development of an optical isolator for a fp cw qcl at 8 5 m using an experimental faraday rotator l.
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Development Of An Optical Isolator For A FP-CW-QCL At 8.5 μ m Using An Experimental Faraday Rotator. Brian E. Brumfield* Scott Howard ** Claire Gmachl ** Donald K. Wilson † Mark Percevault † Benjamin McCall ‡. *Department of Chemistry, University of Illinois, Urbana, IL

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development of an optical isolator for a fp cw qcl at 8 5 m using an experimental faraday rotator

Development Of An Optical Isolator For A FP-CW-QCL At 8.5μm Using An Experimental Faraday Rotator

Brian E. Brumfield*

Scott Howard**

Claire Gmachl**

Donald K. Wilson†

Mark Percevault†

Benjamin McCall‡

*Department of Chemistry, University of Illinois, Urbana, IL

**Department of Electrical Engineering, Princeton University, Princeton Institute for the Science and Technology of Materials,

Princeton, NJ

†Optics For Research, Division of Thor Labs, Caldwell, NJ

‡Departments of Chemistry and Astronomy, University of Illinois, Urbana, IL

motivation problem
Motivation/Problem
  • Development of (EC)-QCL in mid-IR
  • Acquire high-resolution spectrum of C60~8.5μm
  • Back-reflection introduces
    • Intensity fluctuations
    • Frequency instability

“Collimating” Optics

Mode-matching optics

High Finesse Cavity

AOM

QCL

potential solution

AOM

High Finesse Cavity

Mode-matching optics

Isolator

Potential Solution
  • Employ Optical Isolator

“Collimating” Optics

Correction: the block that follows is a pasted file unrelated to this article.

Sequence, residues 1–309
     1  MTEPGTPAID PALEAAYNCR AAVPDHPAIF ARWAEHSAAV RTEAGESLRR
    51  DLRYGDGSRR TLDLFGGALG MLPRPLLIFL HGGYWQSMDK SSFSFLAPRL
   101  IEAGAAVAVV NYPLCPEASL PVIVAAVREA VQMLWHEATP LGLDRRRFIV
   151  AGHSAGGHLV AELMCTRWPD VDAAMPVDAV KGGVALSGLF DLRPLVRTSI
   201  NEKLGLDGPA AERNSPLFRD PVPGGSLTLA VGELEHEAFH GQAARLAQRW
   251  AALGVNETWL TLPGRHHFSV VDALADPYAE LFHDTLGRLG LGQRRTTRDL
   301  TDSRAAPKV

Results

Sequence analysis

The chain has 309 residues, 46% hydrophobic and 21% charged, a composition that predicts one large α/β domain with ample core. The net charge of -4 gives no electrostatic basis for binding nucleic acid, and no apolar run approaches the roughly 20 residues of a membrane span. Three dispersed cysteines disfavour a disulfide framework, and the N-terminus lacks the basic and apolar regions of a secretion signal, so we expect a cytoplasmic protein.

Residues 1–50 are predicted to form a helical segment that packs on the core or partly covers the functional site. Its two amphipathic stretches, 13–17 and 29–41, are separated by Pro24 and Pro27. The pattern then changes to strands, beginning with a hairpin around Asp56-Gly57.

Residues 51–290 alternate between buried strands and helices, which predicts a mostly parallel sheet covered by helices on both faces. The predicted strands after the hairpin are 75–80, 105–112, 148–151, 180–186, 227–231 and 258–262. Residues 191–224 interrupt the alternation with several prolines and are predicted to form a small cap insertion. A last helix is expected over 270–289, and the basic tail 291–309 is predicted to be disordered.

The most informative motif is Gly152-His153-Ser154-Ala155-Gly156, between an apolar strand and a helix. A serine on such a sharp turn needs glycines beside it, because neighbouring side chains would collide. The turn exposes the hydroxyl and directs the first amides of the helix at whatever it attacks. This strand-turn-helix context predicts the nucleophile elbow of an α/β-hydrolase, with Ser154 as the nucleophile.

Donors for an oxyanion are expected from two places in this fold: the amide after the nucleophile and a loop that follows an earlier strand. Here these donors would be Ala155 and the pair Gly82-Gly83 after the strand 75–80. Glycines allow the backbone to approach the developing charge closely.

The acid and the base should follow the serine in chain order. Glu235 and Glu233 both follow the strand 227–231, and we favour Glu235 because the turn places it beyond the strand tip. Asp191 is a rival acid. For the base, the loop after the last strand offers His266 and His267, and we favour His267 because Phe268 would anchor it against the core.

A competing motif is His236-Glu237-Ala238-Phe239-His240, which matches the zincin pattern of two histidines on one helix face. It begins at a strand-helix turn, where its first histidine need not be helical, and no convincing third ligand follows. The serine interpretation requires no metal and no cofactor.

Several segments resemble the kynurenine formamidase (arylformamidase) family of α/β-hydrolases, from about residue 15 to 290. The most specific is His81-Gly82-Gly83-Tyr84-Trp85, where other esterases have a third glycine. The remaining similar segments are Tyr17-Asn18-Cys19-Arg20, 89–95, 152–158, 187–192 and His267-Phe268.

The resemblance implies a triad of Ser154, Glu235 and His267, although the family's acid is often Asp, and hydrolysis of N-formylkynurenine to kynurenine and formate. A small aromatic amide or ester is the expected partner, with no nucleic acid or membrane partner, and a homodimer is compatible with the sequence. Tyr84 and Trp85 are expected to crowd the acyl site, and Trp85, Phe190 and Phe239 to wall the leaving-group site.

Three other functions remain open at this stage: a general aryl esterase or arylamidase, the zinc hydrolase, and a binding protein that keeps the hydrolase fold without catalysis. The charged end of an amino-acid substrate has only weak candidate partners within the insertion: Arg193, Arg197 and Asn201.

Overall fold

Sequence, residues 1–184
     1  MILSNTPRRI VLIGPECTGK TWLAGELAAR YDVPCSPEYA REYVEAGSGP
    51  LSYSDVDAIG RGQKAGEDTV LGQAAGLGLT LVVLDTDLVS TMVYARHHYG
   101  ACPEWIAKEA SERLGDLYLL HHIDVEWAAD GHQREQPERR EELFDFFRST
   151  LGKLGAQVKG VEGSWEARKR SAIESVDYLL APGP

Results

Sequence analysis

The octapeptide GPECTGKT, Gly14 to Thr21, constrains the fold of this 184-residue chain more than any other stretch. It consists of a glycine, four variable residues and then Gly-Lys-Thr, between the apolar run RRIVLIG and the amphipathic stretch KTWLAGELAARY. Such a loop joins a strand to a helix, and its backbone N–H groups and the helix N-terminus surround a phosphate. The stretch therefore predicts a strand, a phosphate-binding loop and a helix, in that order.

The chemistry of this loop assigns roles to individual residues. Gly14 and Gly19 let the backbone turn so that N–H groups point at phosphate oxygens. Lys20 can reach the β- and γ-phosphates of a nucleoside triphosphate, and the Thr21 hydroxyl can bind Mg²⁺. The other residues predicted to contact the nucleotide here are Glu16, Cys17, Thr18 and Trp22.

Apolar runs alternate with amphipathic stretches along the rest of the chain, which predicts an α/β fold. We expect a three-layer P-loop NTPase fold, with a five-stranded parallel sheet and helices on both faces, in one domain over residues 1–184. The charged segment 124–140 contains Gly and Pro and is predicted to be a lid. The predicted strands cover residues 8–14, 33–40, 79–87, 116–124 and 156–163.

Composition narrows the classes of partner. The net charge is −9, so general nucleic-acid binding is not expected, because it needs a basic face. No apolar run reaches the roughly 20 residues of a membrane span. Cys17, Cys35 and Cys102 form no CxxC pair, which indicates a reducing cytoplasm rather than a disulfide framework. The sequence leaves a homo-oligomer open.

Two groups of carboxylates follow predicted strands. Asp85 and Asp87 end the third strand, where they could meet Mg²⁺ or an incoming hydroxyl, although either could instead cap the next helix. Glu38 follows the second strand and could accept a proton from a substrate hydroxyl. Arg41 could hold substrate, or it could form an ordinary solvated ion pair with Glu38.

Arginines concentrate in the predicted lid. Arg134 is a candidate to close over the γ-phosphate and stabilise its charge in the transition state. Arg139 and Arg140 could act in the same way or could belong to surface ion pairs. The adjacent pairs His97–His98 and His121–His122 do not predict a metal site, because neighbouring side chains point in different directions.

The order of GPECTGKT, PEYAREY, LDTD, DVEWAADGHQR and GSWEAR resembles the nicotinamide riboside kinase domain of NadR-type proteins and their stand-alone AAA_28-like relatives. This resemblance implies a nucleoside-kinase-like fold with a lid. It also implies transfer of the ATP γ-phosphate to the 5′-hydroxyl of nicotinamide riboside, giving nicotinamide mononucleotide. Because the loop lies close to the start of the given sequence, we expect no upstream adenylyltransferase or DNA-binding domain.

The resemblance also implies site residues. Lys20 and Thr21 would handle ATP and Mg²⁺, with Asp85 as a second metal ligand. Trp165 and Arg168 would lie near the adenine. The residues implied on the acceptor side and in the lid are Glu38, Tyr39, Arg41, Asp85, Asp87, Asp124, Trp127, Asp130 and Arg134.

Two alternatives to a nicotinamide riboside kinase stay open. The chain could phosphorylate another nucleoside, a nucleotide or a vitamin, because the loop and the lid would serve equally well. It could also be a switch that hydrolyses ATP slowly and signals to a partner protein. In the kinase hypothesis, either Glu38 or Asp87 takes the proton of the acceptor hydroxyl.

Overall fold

QCL

the faraday effect
The Faraday Effect
  • Discovered 1845 by Michael Faraday
  • Amount of rotation found equal to product of:
    • V: Verdet constant (degrees/ G*cm)
    • B: Magnetic field strength (G)
    • L : Length of material traversed (cm)
essentials of an optical isolator
Essentials of An Optical Isolator
  • Gap in commercially available Faraday Rotators from 3.5 to 10 μm!
  • Three components
    • Pair of polarizers
    • Faraday rotator (FR)

P1

P2

FR

45°

45°

90°

faraday effect in n insb
Faraday Effect In n-InSb

CO2 Lasers: n-InSb

Interband Effect

Free Carrier Effect

  • Independent of Ne
  • Dependent on high B
  • Ne (cm-3) free charge carrier electron concentration
  • Dominates when:
    • B field >10 kG
    • Ne < 1x1016 cm-3
  • Dominates when:
    • High n-doping:
    • Ne > 1x1016 cm-3

Melngailis et. al. J. Quantum Electron. 1996, 84, 227.

  • Advantages:
  • Low optical insertion loss
  • Disadvantage:
  • Need very strong magnets >15 kG
  • Advantages:
  • Table top design
  • Disadvantage:
  • Increased optical insertion loss
testing set up
Testing Set-Up

PC

Lock-in

HgZnCdTe

Beam Chopper

HgCdTe

P2

P1

FR

Wire Grid Polarizers ~400:1

single pass analysis
Single-Pass Analysis
  • Transmission curve recorded 10° increments
  • Fit to:
  • Measured 6 ± 1° rotation
triple pass
Triple-Pass
  • Single-pass rotation provided undesirable ~6 ± 1°
    • Why?
  • Can increase power throughput by multi-passing
  • Z-Pass Configuration

M1

P1

P2

FR

M2

triple pass results comparisons
Triple-Pass Results/Comparisons
  • Rotation Low
    • High temperature
    • Thickness
    • Wavelength
  • Insertion Loss High
    • Reduction of transmission due to P2 setting
    • Triple Pass

100 West 18th

Tomasetta et. al. J Quantum Electron. 1979, QE-15, 266.

future directions

P4

P3

P2

P1

FR

Future Directions
  • Short Term
    • Test for adequate isolation
    • Inadequate isolation-additional WG polarizers
    • Acquisition of highly doped n-InSb
  • Long Term
    • Optimization of n-InSb material
acknowledgements
Acknowledgements

Brian Siller

NASA Laboratory

Astrophysics

Dreyfus

UIUC